Let go of the emotion and consider the words that are written instead of instilling what you THINK they mean. I said, and I still say, that Sharia law should be considered in the courts of the US. For some reason, there are too many people who see that as my somehow believing that muslims should receive a lighter sentence or be given a pass. I have advocated no such thing.

          Someone above noted that when rendering a judgement we might CONSIDER that the criminal believes he had a right to commit the act according to sharia law, and therefore we can surmise that there is a likelihood that he feels no remorse and would do it again if he saw fit. You would ignore such facts or possibilities? The way that the resolution was worded, anything to do with Sharia law CANNOT BE CONSIDERED. And that includes a situation like this.

          Further, you deem that for some reason those enforcing the law are unable to comprehend the realities around Sharia law. You said absolutely not one single thing in your entire comment that I have not heard before. Yet you have decided that I must be ill informed. I am not. And neither will a court of law be.

          If the court system in Oklahoma is unable to CONSIDER sharia law and still make the proper rulings under US law, then I submit to you that those in the court system are not qualified to rule on US law. You think the courts smart enough to properly deal with perhaps the most complex legal system in the world (the US court systems), yet not smart enough to properly consider anything outside of that legal system?

          It seems to me that you are afraid of Sharia law because you have absolutely no understanding of it. I have studied it and I do not fear it. Further I am confident that the courts have the ability to consider it and still rule properly according to US law.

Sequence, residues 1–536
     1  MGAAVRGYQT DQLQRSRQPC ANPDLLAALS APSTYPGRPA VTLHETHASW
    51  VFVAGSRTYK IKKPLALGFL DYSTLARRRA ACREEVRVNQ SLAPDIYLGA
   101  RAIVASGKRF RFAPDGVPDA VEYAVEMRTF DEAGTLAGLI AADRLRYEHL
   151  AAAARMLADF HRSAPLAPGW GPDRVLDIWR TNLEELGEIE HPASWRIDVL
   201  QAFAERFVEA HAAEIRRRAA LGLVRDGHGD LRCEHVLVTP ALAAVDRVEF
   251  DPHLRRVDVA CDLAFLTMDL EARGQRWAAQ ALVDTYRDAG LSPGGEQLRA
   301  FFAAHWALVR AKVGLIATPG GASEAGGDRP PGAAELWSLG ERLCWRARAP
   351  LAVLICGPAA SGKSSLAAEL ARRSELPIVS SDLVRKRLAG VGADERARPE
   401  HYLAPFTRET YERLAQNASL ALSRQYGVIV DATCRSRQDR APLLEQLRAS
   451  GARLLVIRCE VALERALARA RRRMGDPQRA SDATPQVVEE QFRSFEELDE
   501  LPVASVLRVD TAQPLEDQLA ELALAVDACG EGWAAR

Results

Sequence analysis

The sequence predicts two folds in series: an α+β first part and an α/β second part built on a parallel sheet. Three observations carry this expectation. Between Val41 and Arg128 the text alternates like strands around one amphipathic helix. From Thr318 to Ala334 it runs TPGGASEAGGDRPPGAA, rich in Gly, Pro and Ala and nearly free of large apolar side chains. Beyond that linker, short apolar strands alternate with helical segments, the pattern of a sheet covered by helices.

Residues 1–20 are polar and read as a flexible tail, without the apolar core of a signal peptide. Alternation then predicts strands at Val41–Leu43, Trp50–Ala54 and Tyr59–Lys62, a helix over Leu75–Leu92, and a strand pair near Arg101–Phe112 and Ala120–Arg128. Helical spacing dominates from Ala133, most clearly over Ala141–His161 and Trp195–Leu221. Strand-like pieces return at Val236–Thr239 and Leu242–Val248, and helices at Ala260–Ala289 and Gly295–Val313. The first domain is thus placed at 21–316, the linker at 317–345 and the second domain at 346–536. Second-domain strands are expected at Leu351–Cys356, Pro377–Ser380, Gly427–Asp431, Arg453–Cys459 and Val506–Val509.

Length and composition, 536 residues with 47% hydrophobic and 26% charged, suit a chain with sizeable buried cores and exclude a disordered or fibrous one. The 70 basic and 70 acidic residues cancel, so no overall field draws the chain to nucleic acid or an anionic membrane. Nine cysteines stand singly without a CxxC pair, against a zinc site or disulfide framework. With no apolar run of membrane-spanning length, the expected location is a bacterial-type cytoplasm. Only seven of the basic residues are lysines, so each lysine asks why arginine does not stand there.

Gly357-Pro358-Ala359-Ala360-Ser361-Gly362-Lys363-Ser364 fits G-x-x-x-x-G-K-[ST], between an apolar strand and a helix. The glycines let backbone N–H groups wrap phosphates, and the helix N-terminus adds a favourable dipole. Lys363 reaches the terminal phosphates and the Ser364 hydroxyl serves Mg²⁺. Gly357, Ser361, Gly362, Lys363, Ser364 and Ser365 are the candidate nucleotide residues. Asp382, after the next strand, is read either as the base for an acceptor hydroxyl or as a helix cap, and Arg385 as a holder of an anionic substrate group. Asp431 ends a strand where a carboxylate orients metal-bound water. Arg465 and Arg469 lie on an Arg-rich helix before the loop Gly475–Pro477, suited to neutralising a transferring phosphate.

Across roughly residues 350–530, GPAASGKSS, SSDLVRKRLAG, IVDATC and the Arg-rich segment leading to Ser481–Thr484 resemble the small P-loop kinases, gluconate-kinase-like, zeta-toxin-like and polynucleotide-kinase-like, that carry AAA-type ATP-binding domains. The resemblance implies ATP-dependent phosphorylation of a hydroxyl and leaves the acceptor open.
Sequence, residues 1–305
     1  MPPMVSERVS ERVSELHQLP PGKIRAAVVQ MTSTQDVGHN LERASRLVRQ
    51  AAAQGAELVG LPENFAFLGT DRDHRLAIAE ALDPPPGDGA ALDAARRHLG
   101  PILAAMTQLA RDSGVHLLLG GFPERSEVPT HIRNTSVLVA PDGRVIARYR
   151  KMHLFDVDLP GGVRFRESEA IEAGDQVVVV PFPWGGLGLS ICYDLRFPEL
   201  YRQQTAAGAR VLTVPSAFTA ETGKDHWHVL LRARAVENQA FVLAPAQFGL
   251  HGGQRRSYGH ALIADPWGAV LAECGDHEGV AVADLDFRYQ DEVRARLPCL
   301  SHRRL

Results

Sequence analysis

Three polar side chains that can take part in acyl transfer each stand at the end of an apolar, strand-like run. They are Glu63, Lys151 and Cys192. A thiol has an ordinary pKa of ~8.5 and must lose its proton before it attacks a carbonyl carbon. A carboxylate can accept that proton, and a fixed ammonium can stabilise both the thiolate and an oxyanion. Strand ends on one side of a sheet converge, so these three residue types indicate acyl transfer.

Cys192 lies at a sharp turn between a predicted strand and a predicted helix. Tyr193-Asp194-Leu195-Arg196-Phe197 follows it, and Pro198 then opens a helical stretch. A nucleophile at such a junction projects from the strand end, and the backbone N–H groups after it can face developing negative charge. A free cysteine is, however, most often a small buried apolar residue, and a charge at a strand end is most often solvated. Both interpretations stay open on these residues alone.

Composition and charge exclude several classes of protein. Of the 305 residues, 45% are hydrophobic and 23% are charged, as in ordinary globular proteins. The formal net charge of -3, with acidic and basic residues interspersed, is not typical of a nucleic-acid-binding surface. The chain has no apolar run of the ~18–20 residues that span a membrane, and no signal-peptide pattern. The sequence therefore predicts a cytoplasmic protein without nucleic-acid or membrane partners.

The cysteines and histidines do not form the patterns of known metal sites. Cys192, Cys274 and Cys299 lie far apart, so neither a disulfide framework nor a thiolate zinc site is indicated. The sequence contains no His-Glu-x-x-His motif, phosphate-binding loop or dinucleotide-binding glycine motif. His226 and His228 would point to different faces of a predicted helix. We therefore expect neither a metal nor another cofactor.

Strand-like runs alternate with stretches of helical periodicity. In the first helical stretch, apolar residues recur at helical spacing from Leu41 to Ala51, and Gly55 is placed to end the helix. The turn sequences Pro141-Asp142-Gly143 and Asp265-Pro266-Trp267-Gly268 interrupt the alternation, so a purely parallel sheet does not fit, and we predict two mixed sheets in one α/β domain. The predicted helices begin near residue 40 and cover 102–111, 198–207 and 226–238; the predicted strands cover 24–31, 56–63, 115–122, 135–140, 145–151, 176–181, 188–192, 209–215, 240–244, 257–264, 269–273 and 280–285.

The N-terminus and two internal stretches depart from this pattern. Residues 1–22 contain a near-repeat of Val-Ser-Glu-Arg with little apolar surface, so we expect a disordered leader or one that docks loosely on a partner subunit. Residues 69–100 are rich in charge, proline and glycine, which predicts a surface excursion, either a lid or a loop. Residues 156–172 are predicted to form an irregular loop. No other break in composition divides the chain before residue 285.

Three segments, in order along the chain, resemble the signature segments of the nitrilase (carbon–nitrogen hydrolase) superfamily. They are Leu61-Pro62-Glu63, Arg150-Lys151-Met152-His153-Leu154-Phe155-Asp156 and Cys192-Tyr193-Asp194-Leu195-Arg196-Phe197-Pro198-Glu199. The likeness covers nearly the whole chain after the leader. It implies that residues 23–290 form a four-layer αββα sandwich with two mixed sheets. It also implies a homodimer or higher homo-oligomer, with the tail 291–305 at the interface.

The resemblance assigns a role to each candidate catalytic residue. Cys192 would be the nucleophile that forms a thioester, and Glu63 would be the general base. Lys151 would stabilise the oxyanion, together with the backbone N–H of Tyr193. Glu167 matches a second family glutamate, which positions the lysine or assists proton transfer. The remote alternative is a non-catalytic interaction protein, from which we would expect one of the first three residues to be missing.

• A Puritan Descendant says:

          What makes you think that the Muslim wife chose to marry that man?

          Good question because I don’t know. Point well taken.

      • I don’t believe that it should be part of the consideration if you mean that you think that the punishment should be lighter based on what you are proposing. Rape in the US is rape. Period. Our laws and rules apply. No matter what you may think she consented to, she was raped and filed a criminal complaint. I don’t care if they were married under a religion called “it is OK to Rape your wife,” Our country, our rules, our way. You can’t rape your wife.

        But it should be considered in the sentencing as part of understanding that if he feels it is his religious right to rape her, he is likely to do it again. Therefore, because it is considered, perhaps a restraining order on the spot and some sort of surveillance is appropriate. The likelihood of rape is far higher than it would be for some random woman who walked into the wrong alley and a drunk raped her. THAT is why sharia law should be “considered” but never adopted.